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How to Help Dry Winter Skin
The weather is changing. The days are getting shorter and the nights are getting colder. Depending on where you live, you may have already powered up your heater or started fires. Your skin may have started to notice the change in the weather as well.
When we heat our homes, we tend to "dry out" the air. Our dry skin is often one of the first indications that we need more moisture. And if you spend a lot of time outdoors, the cold temperatures and cold winds can cause even more damage to your skin. Skin that is suddenly drier, itchier, or more chapped is a good indication that the weather changes are negatively impacting your skin and that it needs some extra care.
To combat all the ups and downs that the seasons throw at you, you need healthy, strong skin. Skin that is regularly given the nutrients and protection it needs can remain smooth and baby soft despite the colder temperatures.
Fortunately, there are several easy steps you can take to improve the condition of your skin.
Add moisture back to the air. You may not have control over the air your skin comes into contact with outside, but you can definitely control your indoor air. A humidifier is a simple step to introducing moisture to your air. For a more old fashioned solution, I make soups and bone broths all winter long. The constant simmering of boiling of the soup stock adds lots of moisture to the air. Since we heat our home with wood, the air can get very dry, and our "soup habit" definitely makes a noticeable difference.
Stay hydrated internally. It's always a good idea to drink enough water. We aim for half the pounds of our body weight in ounces. For example, a hundred pound person should drink at least 50 oz of water daily. We also tend to drink a lot more tea during the winter which helps us stay hydrated. Drinking enough water helps moisturize your skin from the inside out.
Avoid detergents that can dry out your skin. Most commercial soaps you find at the grocery store are detergents and not true soaps. They use chemicals such as surfactants to clean your skin. These chemicals can be harsh on your skin and leave your skin feeling tight, dry, itchy, and red. They can make winter skin worse by further drying out already dry skin. They can also exacerbate oily skin types because drying out the skin causes increased oil production in order to compensate for the increased dryness.
Avoid harsh cleaning agents or wear gloves. Using chemical detergents to clean your home or your dishes can also further dry out and irritate your skin. Use simpler products to clean, like vinegar and baking soda, or protect your skin with gloves. We use our bar soap or liquid soap to wash our dishes. They get the dishes clean while protecting our skin.
Make sure your laundry cleaner isn't drying out your skin. Most commercial laundry detergents contain chemicals that bind to your clothing. These chemicals either trick your eyes into making you think your clothes are cleaner and brighter than they actually are. Or they trick your nose by using perfumes to cover up the odor of your clothes. These chemicals remain on your clothes and towels, and sheets and come into constant contact with your skin. They can irritate and dry out your skin. Instead, use a natural laundry soap that washes clean and won't cause your skin any irritation when it cleans your clothes.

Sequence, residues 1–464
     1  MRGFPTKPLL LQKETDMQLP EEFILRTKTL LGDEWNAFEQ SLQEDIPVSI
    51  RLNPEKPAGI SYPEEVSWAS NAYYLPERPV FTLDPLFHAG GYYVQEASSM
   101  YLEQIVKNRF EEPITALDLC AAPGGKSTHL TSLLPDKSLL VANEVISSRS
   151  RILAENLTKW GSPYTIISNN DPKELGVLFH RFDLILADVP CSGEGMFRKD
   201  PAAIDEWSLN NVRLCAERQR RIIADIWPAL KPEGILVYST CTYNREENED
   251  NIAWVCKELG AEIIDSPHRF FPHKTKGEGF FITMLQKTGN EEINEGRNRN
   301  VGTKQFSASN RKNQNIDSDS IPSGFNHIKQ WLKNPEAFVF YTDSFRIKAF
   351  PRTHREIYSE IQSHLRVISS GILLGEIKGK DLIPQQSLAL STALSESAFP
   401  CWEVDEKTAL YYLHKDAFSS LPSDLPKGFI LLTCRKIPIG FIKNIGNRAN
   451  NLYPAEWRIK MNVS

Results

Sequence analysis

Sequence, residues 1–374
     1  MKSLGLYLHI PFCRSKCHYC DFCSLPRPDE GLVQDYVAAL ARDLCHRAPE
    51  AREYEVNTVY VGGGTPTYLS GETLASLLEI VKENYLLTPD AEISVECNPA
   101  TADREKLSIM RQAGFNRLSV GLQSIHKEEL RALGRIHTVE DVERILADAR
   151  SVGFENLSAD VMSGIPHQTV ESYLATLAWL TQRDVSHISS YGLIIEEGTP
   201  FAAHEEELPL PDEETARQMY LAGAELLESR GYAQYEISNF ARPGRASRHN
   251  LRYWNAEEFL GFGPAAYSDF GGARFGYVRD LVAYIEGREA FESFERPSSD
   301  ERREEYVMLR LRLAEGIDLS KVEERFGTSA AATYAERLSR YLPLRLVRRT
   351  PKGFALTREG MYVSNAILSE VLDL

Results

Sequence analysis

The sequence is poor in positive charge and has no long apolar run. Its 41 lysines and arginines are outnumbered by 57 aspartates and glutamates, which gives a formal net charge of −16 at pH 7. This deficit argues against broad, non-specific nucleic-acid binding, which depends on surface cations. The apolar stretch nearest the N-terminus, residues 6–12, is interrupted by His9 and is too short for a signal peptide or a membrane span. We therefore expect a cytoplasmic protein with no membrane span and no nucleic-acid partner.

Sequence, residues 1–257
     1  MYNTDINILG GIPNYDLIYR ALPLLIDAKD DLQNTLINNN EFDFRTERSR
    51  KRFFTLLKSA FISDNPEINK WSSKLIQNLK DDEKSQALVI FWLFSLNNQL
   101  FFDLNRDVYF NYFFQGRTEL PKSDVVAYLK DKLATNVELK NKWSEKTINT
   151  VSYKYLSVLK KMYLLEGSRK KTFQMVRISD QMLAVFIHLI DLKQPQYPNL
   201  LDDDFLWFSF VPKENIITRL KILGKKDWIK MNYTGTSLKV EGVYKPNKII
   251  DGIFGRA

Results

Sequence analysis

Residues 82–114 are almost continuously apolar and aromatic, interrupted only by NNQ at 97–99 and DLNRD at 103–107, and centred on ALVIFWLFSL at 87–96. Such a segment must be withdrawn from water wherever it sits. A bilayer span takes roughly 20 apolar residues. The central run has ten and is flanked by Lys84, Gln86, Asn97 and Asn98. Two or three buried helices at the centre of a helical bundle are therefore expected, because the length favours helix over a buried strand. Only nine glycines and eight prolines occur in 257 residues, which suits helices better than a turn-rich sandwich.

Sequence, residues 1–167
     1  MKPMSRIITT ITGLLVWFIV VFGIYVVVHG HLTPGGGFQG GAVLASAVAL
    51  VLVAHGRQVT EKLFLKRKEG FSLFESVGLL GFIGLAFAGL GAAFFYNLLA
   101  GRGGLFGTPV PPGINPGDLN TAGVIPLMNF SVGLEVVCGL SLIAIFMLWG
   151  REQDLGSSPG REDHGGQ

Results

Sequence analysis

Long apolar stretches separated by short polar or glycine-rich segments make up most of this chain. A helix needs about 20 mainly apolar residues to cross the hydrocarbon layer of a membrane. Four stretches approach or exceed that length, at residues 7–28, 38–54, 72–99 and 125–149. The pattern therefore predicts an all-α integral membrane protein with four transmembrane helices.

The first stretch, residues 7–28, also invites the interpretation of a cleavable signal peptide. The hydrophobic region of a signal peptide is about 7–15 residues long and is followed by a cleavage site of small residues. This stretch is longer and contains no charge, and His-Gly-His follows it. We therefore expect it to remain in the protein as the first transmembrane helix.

"Fantastic soap! Only a small amount needed. It really helps with my sensitive skin. I was getting a rash from commercial detergent." - Robin
Use a moisturizing bar of goat milk soap. For the health of your skin, it's important to avoid detergents and to take care of your skin with high quality, natural soaps. Most handmade soaps are superior to commercial bars, but soaps made with goat milk (instead of plain water) have an extra ingredient added that is super moisturizing on your skin. The goat milk contains vitamins, minerals, creams, and alpha hydroxy acids, all of which can moisturize and protect your skin from the colder, winter air.
Avoid liquid lotions which require chemical preservatives. When you purchase a liquid lotion (one in a pump or squirt tube), it's important to realize the steps needed to make that a less dangerous product. Since bacteria grows in liquid environments, the manufacturer of your liquid lotion needs to add chemical preservatives to prevent bacterial growth. I personally don't believe these preservatives are healthy for you or for your skin and avoiding them altogether is why I started making soap in the first place.
Use a safe, solid goat milk lotion for extra moisturizing. Goat Milk Stuff makes a solid lotion because we believe it is safer for you and your skin. A solid environment is not friendly to growing bacteria. The solid lotions are the consistency of lip balm and are applied by passing the lotion stick over your skin and then rubbing it in. After years of experimentation, we've even discovered a method to safely add dehydrated goat milk to the solid lotions so that you get the benefits of goat milk without the dangers of the liquid environment.
"My husband usually has very dry skin every winter, but not this year. I have hands that crack and bleed in the cold, but not this year. My three children are all doing better using the GMS soap. I just wanted you to know how much I appreciate your testimony and that the soap has done in our family. Thank you."
If your skin is really struggling during the winter, we recommend starting with the unscented Purity goat milk soap and the Unscented solid lotion. Once your skin is in better condition, you can try different scents to see how your skin handles the added scent.
Take care of your skin this winter! It works hard to keep you safe and deserves to be treated well. The benefits of goat milk soap will keep your skin smooth and irritation-free no matter what the weather does.